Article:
Friday, December 8, 2017
I will teach you the all. Listen closely.
What is the all? It is the eye and forms, the ear and sounds, the nose and scents, the tongue and tastes, the body and feelings, the mind and thinking. This is called the all.
Someone might say, "This all is not enough. I reject this all. I will proclaim another all. But because this is a groundless assertion, such a person, when asked about it, would not be able to show another all because that all is not within their sensorium. Such an assertion is merely a thought arising in the mind.
--- Samyutta Nikaya
This passage may be one of the earliest explications of the phenomenological experience of reality. It also describes the buddha's criteria for how and what we can know of reality: what is the source for knowing the nature of our experience? It is the totality of our sensorium (the six sense organs and the objects of the senses) because these six senses comprise the totality of our lived experience, our lived reality as opposed to our imagined, deluded story about reality.
Whatever the reality outside of the sensory apparatus, we can only know what we know through the sensory apparatus. The raw reality -- phenomena as they are -- cannot be known directly as our senses already condition what and how we can know and experience reality. It is in this way that we can say our sensory apparatus create our lived reality/experience.
For example: you and I have been presented the same meal. I take a bite and begin to gag and feel like I could vomit. You take a bite, savor the taste, sigh and smile with pleasure. Can we say that the taste of the food was the same or different? We can imagine similar scenarios for any of the senses: a scent I find delightfully pleasant may make you gag in revulsion, etc.
Remember, the buddha is much less interested -- if he is at all -- in metaphysical speculation than the alleviation of existential duhkha. His teaching of satipatthana directs us to pay full attention to the experience of the sensorium because that is where the duhkha arises and it will be the place where it ends. As Glenn Wallis writes, "...your experience is your reality. And your experience is your reality." Thus, if your experience is pervaded by duhkha, then paying attention to the nature of your experience is much more to the point than speculating about "reality."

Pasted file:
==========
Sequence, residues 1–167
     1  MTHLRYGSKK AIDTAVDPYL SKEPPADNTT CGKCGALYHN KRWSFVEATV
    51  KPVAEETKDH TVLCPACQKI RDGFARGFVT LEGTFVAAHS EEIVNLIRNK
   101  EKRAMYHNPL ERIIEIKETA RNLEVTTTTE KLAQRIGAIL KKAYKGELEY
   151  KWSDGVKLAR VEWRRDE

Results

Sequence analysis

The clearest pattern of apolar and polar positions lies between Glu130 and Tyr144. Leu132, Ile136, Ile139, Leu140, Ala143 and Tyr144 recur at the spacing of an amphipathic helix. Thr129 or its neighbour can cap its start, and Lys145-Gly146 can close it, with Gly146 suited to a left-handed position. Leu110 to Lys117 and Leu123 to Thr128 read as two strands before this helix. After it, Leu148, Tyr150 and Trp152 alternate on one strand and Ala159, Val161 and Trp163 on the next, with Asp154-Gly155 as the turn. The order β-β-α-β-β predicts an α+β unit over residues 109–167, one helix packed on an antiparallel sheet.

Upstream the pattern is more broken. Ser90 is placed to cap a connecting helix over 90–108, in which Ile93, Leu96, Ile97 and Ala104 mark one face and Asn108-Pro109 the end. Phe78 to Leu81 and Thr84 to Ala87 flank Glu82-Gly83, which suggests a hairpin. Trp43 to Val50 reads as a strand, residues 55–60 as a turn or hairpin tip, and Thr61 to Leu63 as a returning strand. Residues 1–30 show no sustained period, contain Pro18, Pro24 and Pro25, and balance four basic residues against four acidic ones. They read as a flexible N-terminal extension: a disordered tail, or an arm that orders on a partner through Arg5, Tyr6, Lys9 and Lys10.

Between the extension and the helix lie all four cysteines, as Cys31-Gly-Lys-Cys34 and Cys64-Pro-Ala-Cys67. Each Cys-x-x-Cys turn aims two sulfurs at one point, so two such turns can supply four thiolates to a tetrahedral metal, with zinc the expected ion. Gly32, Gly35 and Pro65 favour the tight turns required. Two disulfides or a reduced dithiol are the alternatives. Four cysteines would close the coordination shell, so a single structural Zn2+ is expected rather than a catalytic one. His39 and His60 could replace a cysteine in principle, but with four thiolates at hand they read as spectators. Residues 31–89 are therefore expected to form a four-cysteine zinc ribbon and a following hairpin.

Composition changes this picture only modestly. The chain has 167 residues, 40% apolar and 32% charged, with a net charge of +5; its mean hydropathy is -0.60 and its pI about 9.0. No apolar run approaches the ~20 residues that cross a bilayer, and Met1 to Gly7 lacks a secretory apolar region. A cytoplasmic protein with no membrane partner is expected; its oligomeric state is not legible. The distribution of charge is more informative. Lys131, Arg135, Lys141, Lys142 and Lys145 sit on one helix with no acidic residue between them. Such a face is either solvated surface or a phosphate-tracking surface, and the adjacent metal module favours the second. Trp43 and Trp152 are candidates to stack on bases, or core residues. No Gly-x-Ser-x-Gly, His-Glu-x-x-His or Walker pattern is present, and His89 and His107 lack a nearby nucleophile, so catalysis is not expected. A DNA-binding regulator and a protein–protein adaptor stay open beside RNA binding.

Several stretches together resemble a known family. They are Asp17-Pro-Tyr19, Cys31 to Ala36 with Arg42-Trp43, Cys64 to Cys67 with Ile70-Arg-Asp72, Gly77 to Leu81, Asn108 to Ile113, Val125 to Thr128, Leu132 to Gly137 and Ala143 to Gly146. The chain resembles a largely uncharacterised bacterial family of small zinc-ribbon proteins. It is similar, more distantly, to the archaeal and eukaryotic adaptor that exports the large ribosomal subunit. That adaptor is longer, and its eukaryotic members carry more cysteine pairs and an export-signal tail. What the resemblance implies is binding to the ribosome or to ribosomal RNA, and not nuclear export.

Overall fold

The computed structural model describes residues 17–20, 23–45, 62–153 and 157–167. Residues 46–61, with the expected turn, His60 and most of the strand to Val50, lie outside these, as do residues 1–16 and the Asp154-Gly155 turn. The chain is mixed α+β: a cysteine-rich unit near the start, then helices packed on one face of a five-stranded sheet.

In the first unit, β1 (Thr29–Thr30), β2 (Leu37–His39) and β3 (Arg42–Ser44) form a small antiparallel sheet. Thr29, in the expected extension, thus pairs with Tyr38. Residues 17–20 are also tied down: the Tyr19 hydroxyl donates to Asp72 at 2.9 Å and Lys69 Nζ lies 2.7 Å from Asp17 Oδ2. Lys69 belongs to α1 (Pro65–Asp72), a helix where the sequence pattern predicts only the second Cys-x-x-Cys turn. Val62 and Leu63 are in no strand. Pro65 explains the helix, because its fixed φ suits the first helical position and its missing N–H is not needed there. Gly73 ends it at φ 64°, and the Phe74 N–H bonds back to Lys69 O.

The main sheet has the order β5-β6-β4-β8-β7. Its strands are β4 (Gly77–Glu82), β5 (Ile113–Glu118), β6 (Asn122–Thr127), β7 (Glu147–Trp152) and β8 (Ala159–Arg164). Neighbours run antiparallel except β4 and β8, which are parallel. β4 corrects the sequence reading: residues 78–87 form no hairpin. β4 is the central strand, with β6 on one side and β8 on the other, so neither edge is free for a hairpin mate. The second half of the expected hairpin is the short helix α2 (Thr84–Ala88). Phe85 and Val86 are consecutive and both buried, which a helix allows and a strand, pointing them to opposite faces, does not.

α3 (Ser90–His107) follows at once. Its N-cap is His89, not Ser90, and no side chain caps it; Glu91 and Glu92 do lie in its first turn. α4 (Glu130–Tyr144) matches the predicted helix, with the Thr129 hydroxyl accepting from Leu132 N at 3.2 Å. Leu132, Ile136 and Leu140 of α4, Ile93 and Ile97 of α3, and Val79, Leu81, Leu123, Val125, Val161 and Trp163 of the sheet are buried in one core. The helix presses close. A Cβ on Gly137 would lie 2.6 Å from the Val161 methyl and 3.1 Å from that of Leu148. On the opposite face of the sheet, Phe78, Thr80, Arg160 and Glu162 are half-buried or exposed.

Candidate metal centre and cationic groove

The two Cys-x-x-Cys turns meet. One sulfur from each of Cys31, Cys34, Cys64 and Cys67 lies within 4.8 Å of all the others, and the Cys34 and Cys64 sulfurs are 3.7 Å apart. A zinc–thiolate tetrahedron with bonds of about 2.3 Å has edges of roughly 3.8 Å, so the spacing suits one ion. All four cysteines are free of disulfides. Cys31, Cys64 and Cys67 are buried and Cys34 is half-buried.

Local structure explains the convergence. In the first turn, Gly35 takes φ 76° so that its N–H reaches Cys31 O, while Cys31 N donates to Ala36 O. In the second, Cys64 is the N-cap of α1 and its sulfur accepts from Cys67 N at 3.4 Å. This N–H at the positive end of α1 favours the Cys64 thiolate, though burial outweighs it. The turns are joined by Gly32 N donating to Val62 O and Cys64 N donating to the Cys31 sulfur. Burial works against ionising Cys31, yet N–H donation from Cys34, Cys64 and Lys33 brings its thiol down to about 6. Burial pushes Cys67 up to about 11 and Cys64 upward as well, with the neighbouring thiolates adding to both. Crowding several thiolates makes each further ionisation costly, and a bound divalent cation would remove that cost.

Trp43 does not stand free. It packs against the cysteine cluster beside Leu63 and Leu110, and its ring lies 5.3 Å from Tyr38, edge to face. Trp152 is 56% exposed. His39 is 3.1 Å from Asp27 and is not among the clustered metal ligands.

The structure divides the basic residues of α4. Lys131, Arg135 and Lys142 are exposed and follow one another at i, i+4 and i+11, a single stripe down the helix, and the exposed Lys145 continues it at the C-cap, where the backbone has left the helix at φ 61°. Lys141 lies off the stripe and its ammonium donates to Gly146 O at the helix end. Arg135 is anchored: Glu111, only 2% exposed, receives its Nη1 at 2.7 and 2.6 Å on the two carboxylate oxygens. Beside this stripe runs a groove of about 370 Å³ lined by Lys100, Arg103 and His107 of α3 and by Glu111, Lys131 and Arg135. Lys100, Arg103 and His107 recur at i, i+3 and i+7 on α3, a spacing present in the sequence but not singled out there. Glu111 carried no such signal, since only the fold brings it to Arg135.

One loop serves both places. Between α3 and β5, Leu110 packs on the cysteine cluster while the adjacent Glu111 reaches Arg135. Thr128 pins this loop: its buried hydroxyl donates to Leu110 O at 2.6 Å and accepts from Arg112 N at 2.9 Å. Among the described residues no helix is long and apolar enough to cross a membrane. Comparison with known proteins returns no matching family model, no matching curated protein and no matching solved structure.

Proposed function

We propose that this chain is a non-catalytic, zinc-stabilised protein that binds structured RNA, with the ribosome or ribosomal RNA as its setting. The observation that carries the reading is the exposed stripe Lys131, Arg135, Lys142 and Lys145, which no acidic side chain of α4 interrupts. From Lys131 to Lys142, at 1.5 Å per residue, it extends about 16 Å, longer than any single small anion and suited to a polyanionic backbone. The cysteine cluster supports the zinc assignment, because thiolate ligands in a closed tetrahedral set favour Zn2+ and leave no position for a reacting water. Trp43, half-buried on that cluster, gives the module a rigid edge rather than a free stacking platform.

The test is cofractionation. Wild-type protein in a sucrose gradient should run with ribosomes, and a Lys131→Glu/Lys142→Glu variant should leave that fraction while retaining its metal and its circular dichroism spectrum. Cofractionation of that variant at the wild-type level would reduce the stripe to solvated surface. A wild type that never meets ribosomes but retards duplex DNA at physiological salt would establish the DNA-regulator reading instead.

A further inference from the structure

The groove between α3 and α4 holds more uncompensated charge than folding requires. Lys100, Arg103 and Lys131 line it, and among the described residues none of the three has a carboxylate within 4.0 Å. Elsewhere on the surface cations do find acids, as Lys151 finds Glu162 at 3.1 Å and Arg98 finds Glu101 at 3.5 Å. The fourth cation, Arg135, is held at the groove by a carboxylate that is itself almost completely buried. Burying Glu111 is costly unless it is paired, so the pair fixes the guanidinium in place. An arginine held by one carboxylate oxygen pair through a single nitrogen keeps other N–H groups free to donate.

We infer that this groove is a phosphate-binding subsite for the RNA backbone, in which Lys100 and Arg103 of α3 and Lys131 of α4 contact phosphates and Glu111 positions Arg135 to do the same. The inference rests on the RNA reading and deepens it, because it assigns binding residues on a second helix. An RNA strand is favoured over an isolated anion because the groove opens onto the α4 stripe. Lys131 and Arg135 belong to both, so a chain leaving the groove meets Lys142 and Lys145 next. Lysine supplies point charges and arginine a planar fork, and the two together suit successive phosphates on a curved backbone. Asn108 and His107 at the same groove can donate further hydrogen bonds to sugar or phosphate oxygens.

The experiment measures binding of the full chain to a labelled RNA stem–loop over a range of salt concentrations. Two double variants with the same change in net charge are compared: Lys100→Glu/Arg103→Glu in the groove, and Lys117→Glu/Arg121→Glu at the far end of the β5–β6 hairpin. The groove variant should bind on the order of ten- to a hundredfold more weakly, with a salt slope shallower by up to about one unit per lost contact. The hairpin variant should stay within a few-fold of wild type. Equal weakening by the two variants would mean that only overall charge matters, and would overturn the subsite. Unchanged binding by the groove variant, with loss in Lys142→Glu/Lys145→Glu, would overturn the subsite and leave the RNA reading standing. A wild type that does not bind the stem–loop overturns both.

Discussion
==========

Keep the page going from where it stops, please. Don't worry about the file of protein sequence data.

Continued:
This passage from the buddha also points to a fairly radical notion. The buddha is asserting that your sense organs and the data that comprise the totality of your experience is 'the all,' which is to say this all is your (lived) world! The buddha seems to be saying that those who posit another 'all,' such as a supernatural realm are misconstruing what is actually known. Those who speak of "knowing god" (or knowing "god") are not really clear on what it is that they actually know. According to this passage from the buddha, what they know are thoughts, concepts, perhaps visual imagery arising in their minds. Such mental formations are part of the sensorium and the only thing we can know. The error is the extrapolation from these mental formations to an entity that exists in the 'external' world. Recently, I read a Facebook thread where two devotees of new age thinking argued about what the "higher dimensional entities" they were in contact with thought about sexual relations for enlightened beings. One said they are beyond any such relationships while the other said they were so open as to be polygamous!
We all make all sorts of claims about the existence of things without taking the time and making the effort to look at just how we know them! The buddha is suggesting we get clear about just what it is that we know.
Sunday, December 3, 2017
Describing his awakening, the Buddha said: “Coming to be, coming to be! Ceasing to be, ceasing to be! At that thought, yogis, there arose in me a vision of things not before called to mind. Knowledge arose: such is form, such is the coming to be of form, such is its passing away. Recognition arose: such is its coming to be, such is its passing away. And the state of abiding in the understanding of arising and passing away; that too arose.”
In this description, the Buddha is emphasizing the deep insight into impermanence and the emptiness of phenomena. Form – the body – is the first of the five skandhas, and in an oral tradition, often, just mentioning the first of a list implies the rest of the items on that list. So, we can be assured that as with form arising and passing away, the Buddha would say the same for feelings, perceptions, mental formations and consciousness.
When seeing clearly, with deep comprehension, the arising and passing away of the five skandhas, we come to see the empty nature of them; and in seeing the empty nature of the five skandhas, we loosen the clinging grip to the misidentification of them as “self.”
As a naturalist, I find the possible implications of that final sentence quite profound: the “state of abiding in the understanding” of impermanence may sound like a final, unchanging state of being, but he’s saying here that that state of abiding itself arose! Anything that arises passes away, so the importance of diligence becomes vividly clear: each moment we must cultivate the conditions that allow the on-going abiding in that understanding. It is moment after moment of understanding in relation to the ever-changing experiencing.
My graduate studies professor, Peter Harvey has said that the Pali would better be translated as “nirvana-izing,” as a kind of action rather than a state. This passage seems to point to that understanding. It may not satisfy a traditionalist and transcendentalist, but, as a naturalist, it is a way of understanding that I can feel comfortable accepting. Rather than seek a final "awakened" life, we can live the awakening life here/now, moment-to-moment, breath-by-breath.